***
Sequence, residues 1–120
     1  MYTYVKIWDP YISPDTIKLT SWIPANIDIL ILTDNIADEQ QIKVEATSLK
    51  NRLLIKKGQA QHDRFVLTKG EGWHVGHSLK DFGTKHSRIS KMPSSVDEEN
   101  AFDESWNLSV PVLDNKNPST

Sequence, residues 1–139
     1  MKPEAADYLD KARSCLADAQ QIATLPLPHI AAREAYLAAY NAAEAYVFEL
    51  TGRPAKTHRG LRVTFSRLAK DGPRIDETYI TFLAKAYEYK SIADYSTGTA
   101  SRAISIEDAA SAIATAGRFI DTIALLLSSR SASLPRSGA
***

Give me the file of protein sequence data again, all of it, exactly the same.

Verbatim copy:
Sequence, residues 1–120
     1  MYTYVKIWDP YISPDTIKLT SWIPANIDIL ILTDNIADEQ QIKVEATSLK
    51  NRLLIKKGQA QHDRFVLTKG EGWHVGHSLK DFGTKHSRIS KMPSSVDEEN
   101  AFDESWNLSV PVLDNKNPST

Sequence, residues 1–139
     1  MKPEAADYLD KARSCLADAQ QIATLPLPHI AAREAYLAAY NAAEAYVFEL
    51  TGRPAKTHRG LRVTFSRLAK DGPRIDETYI TFLAKAYEYK SIADYSTGTA
   101  SRAISIEDAA SAIATAGRFI DTIALLLSSR SASLPRSGA